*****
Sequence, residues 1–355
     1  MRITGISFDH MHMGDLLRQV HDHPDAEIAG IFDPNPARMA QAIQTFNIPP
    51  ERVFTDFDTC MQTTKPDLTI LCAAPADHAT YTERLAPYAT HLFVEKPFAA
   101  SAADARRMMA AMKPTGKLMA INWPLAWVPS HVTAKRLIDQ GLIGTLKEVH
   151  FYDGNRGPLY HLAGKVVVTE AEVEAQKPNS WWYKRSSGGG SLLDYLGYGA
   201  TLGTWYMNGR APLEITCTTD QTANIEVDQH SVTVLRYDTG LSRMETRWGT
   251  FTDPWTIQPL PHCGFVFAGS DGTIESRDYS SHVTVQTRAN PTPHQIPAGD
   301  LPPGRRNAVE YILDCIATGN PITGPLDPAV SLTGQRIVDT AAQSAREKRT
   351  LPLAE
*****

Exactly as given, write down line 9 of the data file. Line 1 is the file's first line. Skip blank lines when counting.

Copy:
   351  LPLAE